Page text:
September 7, 2011
Flow: 48cfs
Clarity: Clear with a slight tint (as always)
Water Temp: 70
Weather: Overcast

The time of year has arrived where the carp feed hard. The flows are low and the carp are easily reached. Yesterday I had the best carp day I have ever had. I was able to hook several and land a couple of them in just a few hours. For those of you who have never tried carp fishing, don’t turn your noses up at these fish. They are extremely wary and difficult to catch on a fly, and they pull like freight trains. Most people who dog on these fish are in no way skilled enough to even hook one. Most angler do not even know that they have a world class carp fishery in their backyard. The South Platte through town is a haven for these fish and they consistently able to reach 30 plus pounds.

Released bloodly and battered after the battle

You will need to bring your a game for these fish.  Crayfish and aquatic worms are their primary forage, but they will eat anything!  Weighted flies are a must to get it into their feeding lane.  Backstabber, Thin Mints, Barry’s Carp Fly, Wooley Buggers and San Juans are all standard issue for the river.  You will need to make long presentations and keep you fly from landing in their field of view.  Any quick movements, splashes or waves sent their way WILL spook them.  Stay out of the water and hide behind bushes and structure.  This is guerrilla warfare.

Feed it to them!

I have found that a downstream presentation is the best way to get an eat.  Forget your traditional upstream casts, they will feel and see it coming from a mile away.  This is the biggest mistake a rookie carp fisherman makes.  You have to get above them and feed it to them.  Check out the picture above, this is a perfect example of the downstream presentation.  They never see your line or leader coming!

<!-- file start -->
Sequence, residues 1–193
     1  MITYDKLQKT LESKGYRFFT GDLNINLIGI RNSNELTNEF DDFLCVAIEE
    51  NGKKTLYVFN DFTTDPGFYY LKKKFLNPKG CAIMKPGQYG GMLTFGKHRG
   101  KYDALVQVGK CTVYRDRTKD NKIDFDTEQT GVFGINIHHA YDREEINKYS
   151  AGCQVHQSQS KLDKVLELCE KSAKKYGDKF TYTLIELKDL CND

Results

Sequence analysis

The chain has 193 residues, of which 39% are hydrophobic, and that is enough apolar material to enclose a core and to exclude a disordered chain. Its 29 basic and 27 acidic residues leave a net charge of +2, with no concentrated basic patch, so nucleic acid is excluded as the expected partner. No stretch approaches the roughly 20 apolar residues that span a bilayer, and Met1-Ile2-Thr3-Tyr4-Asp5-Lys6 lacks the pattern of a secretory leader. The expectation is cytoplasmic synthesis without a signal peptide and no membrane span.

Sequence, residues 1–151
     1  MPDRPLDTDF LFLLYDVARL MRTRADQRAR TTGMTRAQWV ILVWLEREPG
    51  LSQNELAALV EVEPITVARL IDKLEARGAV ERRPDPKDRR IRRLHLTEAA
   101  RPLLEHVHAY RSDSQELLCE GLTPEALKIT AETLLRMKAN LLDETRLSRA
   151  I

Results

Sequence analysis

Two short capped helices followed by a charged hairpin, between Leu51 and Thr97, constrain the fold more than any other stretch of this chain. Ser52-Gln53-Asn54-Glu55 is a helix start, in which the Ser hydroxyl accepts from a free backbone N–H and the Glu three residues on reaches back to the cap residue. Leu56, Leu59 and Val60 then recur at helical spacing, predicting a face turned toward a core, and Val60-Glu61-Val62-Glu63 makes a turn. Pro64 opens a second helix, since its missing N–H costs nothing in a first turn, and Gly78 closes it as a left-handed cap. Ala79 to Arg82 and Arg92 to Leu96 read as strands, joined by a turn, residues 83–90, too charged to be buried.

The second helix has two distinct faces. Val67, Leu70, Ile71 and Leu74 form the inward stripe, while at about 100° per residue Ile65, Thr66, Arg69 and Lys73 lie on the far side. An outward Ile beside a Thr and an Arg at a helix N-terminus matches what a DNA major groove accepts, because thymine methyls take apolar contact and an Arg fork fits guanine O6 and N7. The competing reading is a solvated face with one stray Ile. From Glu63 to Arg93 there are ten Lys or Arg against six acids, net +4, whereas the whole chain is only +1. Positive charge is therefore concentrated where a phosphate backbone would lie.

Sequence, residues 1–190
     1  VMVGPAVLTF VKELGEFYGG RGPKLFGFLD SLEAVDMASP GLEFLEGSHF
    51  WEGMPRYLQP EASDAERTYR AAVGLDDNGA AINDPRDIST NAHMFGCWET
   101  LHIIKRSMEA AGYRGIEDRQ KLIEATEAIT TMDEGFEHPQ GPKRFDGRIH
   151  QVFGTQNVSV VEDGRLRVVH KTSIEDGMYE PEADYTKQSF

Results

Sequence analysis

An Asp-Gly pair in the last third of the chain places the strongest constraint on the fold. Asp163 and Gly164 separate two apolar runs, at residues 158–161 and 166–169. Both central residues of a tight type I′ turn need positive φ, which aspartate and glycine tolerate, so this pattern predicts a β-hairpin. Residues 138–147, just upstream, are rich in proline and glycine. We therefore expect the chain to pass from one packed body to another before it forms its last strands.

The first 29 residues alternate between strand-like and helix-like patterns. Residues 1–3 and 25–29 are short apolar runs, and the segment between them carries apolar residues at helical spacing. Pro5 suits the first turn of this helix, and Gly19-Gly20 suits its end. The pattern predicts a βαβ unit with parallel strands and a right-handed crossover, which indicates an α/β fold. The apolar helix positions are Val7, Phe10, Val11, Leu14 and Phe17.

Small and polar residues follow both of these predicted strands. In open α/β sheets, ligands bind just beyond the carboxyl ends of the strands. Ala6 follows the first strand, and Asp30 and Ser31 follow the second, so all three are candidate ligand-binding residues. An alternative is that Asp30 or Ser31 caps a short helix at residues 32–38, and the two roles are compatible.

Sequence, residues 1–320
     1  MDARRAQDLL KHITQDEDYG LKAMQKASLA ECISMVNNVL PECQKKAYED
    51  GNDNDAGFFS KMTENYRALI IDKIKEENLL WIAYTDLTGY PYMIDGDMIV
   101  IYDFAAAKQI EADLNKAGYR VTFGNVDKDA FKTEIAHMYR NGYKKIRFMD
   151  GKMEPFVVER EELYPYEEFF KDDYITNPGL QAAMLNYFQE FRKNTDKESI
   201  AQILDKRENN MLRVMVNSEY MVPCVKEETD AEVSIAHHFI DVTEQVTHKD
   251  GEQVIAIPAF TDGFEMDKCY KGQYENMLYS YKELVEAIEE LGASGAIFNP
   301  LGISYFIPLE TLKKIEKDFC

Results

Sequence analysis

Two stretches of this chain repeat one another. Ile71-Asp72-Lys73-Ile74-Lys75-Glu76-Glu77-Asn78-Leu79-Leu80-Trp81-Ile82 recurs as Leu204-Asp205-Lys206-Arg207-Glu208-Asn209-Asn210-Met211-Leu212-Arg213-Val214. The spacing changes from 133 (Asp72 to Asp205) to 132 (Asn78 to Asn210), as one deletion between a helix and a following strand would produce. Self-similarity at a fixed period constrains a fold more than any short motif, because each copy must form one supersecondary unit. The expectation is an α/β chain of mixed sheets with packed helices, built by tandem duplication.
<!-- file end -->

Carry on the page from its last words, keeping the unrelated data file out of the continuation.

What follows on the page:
Not a big one…but they still pull on a 5wt

Now, I said earlier that carp feed mainly on crayfish and worms, but they will eat other things.  The South Platte is famous for it’s Trico hatch and downtown is no different.  I was able to pick out a fish feeding on top, so what did I do?…Tied on a Trico.  You must bring all your flies, I have seen carp eating damsels, caddis, BWOs, Tricos, cottonseeds, crayfish, minnows, ants…you name it.  You never know what you are going to walk into.  I knew there was no way to fish 6X to my #26 Parachute Adams, so I forced some 4X through the eye (yes that is possible).  Check out the video below and what the whole thing.  Unfortunately he knew right where the railroad ties were and well…with a #26 there wasn’t much I could do.  I was able to dance around it a couple times, but the carp won in the end.

Every once in a while, something random happens on a fishing trip.  Yesterday was one of those days.  While casting to a fish, I caught a bat!  I felt bad, so I had to release it.  A stick and my hemocuts did the trick.  Once it was free it went right back to flying around and eating Tricos, just not the ones on the end of my line.

A stick and hemocuts are the tools of the trade

Don’t get frustrated out there. You will spook a lot of fish and screw up a bunch of shots, but you have to learn from them. Play the numbers game and put your flies in front of a ton of fish. This means covering water and moving often. Just remember that presentation is everything and you fly doesn’t matter quite as much. Be stealthy, patient and move slow.

This is what you are looking for….

-James

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